Enjoying the subtle sheen of varnished, well buffed wood, accompanied by rustic hues of an earthy palette has always been more inviting to me than the glistening gleam of chrome and glass. The warmth of wood adds so much more to the romantic flare of a chilled standing Stoli martini that it is almost impossible for me to savor the flavors within the world of high tech design that has periodically infiltrates the restaurant scene.
Hence the newly opened Waverly Inn in Manhattan´s West Village must be one of the greatest Martini sipping bars in the country. From all reports, Vanity Fair Editor Graydon Carter took the once warm toned landmark-Ye Waverly Inn- which had morphed over years of use into a somewhat agrestic room and transformed it into a modern day warm wooded den for those who enjoy shine, satin sheen, and glow.
And he has added, according to reports, a new dimension to the business that we as owners may look upon as a tremendous marketing tool.
Now you may not be that with Carter´s culinary star. It has yet to rise. He has not been scheduled, to date, to appear up on Iron Chef America. Additionally, Emeril hasn´t scheduled his presence on Gumbo Night. And, for the most part, his dishwashing skills have yet to be tested except possibly at home. His charisma and charm, the perfect qualifications of an Upper East Side rope man are stellar and he may find his way at the front of the house. He does have other talents.
Carter´s star rises in literary circles and has been known for his style for decades. As the editor of Vanity Fair he has transformed the magazine into a bible for reader´s who religiously await its monthly arrival in order to quickly open its pages and feed their need to delve into page after page of gossip, titillation, political punditry, investigative reporting, society insight, and Hollywood star studded interviews. Carter´s style ekes through the pages. He possesses the perfect ingredients each month to deliver a full course meal, including appetizers and desert to his readers without ever skipping a beat.
This is not to say that some months one doesn´t find the meal a little light. A small plate if you will, with a mere morsel of what only a month before was an overflowing buffet of entertainment and information.
So why would this master of the literary meal throw his hat into the ring of restaurateur´s in the toughest town in the world to make a buck flinging hash and booze? Because Graydon loves to have fun. And although this is a business venture, as it is for anyone who invests a buck in a four star culinary corporation or a Buffet World, Carter is more apt to become involved with such a project for the pure pleasure of the place.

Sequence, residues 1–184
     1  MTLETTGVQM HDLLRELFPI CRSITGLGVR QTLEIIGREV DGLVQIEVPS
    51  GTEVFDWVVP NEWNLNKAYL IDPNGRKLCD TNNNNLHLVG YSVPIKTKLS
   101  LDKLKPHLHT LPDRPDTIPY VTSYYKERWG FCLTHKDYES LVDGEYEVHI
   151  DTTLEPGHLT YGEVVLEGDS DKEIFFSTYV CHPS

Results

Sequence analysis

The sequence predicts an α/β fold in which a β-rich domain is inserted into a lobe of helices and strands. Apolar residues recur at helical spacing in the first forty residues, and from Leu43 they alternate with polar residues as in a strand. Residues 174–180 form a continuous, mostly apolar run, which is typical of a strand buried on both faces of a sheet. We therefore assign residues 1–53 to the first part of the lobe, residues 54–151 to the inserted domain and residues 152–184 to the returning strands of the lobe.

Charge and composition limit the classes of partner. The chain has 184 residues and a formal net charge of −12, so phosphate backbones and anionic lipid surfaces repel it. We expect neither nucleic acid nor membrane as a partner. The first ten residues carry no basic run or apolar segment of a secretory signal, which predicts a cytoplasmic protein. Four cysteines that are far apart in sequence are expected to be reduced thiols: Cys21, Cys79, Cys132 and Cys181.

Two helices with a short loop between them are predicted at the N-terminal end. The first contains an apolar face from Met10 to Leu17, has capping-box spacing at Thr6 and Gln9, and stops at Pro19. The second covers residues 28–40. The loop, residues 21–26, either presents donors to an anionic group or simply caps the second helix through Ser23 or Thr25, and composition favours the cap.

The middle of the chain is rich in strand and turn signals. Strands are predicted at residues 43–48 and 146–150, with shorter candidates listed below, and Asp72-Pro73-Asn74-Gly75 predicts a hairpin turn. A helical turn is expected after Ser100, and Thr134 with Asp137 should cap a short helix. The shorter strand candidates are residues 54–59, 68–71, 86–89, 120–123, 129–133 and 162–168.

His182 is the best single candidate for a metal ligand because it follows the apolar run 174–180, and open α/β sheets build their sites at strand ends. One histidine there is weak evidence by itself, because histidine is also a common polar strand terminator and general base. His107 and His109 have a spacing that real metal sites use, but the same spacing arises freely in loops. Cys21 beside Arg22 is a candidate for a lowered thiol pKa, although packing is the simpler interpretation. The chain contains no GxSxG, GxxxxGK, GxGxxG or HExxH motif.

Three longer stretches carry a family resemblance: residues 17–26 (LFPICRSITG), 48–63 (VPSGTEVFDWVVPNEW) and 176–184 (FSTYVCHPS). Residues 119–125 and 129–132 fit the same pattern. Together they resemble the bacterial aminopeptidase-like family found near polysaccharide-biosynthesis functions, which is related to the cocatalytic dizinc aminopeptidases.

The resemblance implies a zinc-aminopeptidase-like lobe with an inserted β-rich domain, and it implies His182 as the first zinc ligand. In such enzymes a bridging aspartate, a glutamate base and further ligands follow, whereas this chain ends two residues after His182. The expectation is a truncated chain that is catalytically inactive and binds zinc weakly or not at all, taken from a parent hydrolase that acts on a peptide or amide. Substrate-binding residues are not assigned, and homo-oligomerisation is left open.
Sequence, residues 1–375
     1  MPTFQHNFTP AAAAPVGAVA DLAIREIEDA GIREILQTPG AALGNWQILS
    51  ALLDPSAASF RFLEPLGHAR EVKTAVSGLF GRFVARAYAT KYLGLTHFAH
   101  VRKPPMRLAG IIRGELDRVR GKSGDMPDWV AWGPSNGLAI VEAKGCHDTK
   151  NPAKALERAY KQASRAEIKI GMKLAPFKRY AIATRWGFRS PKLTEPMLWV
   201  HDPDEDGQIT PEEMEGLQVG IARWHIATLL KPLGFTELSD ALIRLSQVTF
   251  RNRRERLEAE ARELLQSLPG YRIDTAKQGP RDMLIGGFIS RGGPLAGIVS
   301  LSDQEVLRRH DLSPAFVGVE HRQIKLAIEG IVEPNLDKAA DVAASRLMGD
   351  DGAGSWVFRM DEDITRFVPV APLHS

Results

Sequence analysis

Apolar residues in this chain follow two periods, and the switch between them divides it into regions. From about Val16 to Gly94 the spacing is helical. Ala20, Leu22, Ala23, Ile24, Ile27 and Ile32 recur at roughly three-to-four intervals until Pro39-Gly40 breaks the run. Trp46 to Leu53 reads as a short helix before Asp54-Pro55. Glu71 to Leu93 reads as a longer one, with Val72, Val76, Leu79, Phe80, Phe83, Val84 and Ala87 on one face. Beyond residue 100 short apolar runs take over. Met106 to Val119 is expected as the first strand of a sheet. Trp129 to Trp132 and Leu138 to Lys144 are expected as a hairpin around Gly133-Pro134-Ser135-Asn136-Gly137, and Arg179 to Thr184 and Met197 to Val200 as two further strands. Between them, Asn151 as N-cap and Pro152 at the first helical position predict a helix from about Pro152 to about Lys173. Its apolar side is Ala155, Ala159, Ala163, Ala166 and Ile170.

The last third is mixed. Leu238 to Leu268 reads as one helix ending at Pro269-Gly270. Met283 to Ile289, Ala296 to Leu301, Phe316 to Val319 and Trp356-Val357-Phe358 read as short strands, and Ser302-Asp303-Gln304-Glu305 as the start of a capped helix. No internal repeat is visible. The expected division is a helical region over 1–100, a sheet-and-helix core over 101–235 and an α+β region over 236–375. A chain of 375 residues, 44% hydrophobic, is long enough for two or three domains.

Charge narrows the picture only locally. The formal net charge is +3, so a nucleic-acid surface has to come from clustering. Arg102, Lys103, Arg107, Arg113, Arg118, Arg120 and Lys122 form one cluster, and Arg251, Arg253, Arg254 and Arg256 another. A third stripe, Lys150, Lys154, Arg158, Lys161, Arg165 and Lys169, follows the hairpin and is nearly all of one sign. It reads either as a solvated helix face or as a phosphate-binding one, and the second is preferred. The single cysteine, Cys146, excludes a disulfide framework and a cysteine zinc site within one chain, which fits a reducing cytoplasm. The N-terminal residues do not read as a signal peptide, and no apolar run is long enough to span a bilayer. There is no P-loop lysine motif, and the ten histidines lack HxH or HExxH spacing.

For those who recall, Carter was one of thegenius masterminds behind Spy Magazine when New York supported bars and salons and taverns on corners rather than Starbucks and tea shops. Carter became of age in the 80´s and observed the town and chronicled the activities of the movers and shakers when Elaine´s was the Upper East Side hot stop for the literati and those who wanted to watch them having dinner and drinks before the after hours clubs opened their doors.
Carter, I am sure, became involved in the new Waverly Inn because he still enjoys a good roister and has the spark to light up an evening of enjoyment. Plus, he probably was bitten by the restaurant bug while planning all of those Oscar parties on the West Coast.
"How hard can this be?"
That was the obvious question. As the one who orchestrates and oversees one of the world´s most successful magazines, Carter´s soiree into food and drink will probably seem easy.
He has an innate marketing ability and a literary following that could give Elaine a run for her Upper East Side money. But he obviously thinks out of the box.
According to one of the sites that haunts and watches celebs in the big apple, Gawker published a post Wednesday claiming Carter´s Waverly Inn offered a "Didn´t Like Discount" on a recent guest check. Possibly a Carter stunt- the editor has a tremendous sense of humor- possibly a new concept in dining.
The concept may be something to think about. A discount rather than a full fledged comp. It could have legs in the world of discontented diners. But will it fly in des Moines? That´s the true test.
Carter´s antics will be interesting to watch. He has an incredible ability to create buzz, stir the pot, and have some fun.
All done in a historic room with a shine, sheen and glow.
Graydon– good luck.